Friday, February 14, 2003


1. Nick Cave and the Bad Seeds, Nocturama. Not the strongest Cave drawing ever - mellowing with age is fine, and stepping back from the almost laceratingly personal songwriting he perfected on The Boatman's Call is more than understandable too, but let's hope he can somehow reverse the scary drift into generic balladry that that's brought on - but I've put it on more often than I ever have No More Shall We Part already, if only for the breathless, quarter-hour-long classic-Bad-Seeds-style raveup, "Babe, I'm On Fire," that closes the album (Blixa Bargeld in particular seems to be letting out every bit of guitar abuse he's been holding in - between the Seeds and the nigh-ambient modern-day Einst├╝rzende Neubauten - for the past five years), and, even better, the full-length video that accompanies it on the bonus DVD included with the initial run of the disc. Given that this gaggle of gloommeisters usually look as if they couldn't crack a smile if longshoremen attached pulleys to their cheeks and tugged, it's an almighty revelation - a goofy, silly, ticklish onslaught of lowbrow, light-black-humored hilarity as the Seeds portray almost all the characters named in the forty or so verses of the song (The fucked-up Rastafarian, the dribbling libertarian, the sweet little Goth with the ears of cloth, the cross-over country singer, the hump-backed bell ringer, the swinger, the flinger, the outraged right-winger, the Chinese contortionist, the backyard abortionist, the poor Pakistani with his lamb Bhirriani, etc. etc. etc.) in turn. And if anyone could have predicted the former-self-mocking moment when Cave plays the "drug-addled wreck with the needle in his neck," a moment that's less Nelson Algren than Tom Green, well, that person can just get a 900 number, put on the phony Caribbean patois and start advertising right now. So that's a solid half-hour of sustainable, even surprising entertainment (and another half hour that may yet grow on me) - better than most can expect in this age of lowered expectations, life- and otherwise. I'll take it gladly.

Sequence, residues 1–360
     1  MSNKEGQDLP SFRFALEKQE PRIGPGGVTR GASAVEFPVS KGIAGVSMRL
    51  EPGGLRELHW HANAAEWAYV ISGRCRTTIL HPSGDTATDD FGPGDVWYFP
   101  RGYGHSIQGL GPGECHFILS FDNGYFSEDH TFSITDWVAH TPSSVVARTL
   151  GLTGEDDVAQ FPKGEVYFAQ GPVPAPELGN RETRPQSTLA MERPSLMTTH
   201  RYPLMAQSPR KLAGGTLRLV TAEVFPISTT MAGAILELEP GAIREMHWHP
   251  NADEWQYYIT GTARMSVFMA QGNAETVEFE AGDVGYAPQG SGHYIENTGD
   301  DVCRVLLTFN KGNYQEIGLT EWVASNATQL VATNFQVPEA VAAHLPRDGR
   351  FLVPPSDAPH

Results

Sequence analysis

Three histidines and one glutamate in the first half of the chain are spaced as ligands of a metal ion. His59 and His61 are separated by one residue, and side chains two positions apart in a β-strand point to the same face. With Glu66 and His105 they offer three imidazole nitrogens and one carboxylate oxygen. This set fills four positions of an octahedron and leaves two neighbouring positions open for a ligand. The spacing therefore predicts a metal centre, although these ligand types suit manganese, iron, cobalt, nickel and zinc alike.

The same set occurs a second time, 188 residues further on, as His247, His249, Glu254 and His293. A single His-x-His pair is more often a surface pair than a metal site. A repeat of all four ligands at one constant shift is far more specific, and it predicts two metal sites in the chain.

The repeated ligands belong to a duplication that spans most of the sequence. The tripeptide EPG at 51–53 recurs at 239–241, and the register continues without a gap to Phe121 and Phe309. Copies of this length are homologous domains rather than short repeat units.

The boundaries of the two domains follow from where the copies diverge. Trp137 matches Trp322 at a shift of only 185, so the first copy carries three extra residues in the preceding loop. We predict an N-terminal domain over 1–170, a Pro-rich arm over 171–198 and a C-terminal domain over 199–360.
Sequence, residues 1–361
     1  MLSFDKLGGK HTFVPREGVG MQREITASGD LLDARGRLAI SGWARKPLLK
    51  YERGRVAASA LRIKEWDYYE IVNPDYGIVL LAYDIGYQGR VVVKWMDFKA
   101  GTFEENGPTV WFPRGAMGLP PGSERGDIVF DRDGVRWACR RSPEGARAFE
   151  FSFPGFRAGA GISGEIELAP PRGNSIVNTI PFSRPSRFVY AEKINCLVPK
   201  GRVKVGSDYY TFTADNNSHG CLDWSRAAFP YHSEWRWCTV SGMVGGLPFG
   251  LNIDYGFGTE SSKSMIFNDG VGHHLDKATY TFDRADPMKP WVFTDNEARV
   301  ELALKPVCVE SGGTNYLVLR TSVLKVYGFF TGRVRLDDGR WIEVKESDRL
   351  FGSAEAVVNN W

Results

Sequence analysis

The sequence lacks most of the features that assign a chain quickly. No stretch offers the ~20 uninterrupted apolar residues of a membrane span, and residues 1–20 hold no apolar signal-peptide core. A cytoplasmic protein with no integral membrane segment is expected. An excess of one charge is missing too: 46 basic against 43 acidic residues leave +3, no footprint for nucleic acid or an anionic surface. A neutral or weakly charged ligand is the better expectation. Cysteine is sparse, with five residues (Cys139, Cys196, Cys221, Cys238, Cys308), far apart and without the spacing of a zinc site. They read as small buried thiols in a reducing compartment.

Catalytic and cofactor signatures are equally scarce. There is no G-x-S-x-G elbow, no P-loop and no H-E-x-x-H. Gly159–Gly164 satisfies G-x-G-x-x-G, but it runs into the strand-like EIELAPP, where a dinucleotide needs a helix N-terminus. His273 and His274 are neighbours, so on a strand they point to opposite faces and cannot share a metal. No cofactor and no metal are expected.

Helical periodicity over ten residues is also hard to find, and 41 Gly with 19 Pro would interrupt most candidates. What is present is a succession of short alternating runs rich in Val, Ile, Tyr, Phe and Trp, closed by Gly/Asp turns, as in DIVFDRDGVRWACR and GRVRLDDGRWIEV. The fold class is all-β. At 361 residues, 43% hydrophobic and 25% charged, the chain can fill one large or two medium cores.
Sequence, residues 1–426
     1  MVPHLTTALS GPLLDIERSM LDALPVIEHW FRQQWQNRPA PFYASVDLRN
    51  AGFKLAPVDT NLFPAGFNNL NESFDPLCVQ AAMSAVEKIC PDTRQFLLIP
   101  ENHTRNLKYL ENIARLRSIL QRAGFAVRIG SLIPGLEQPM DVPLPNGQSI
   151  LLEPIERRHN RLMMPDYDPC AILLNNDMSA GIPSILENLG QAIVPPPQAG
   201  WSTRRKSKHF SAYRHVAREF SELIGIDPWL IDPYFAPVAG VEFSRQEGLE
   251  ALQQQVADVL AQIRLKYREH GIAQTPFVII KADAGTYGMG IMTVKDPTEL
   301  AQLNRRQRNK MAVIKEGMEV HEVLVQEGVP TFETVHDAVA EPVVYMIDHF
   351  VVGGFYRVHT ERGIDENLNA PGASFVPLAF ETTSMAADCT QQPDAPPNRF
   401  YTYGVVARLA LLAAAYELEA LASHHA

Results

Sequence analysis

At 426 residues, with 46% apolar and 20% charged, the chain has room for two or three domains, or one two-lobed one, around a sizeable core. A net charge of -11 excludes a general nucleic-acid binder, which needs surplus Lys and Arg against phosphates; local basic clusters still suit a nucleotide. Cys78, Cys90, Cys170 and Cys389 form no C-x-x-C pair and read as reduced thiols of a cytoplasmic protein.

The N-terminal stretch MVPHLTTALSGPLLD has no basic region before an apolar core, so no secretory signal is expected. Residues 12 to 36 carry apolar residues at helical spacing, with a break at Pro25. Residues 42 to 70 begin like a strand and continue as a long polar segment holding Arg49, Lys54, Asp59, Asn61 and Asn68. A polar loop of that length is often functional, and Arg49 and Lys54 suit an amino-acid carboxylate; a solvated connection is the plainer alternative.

2. Chunklet #17. Half the magazine pillories virtually every known rock act in existence (is one of your favorites not mentioned in "Pay Not To Play," their centerpiece/offer to pay bands to either break up or not reform? Must have been an oversight) and virtually every kind of rock fan in existence; the other half pays homage to the comic brilliance of Mr. Show, Dave Attell, Patton Oswalt, Robert Smigel, Janeane Garafolo, and Fred Armisen. That, the fact that the latter, an indie-rock drummer, is now a featured player on Saturday Night Live, and the evidence as seen on the back cover that the most interesting release (and the only one I can name) from SubPop this past year was David Cross' 2-CD(!) stand-up comedy release, Shut Up You Fucking Baby!, proves it: comedy is the new rock 'n' roll. Again. And not a moment too soon. Just please, no raised lighters at the Yuk Yuk Hut.

3. Anticipating something good for a change. The Go-Betweens' eighth album, Bright Yellow Bright Orange, will be released in four days. Which excites me. Which means the terrorists will probably set off a jigger of skin-melting chemicals in my neighborhood late Monday.

(more later [said that already, didn't I?]...)

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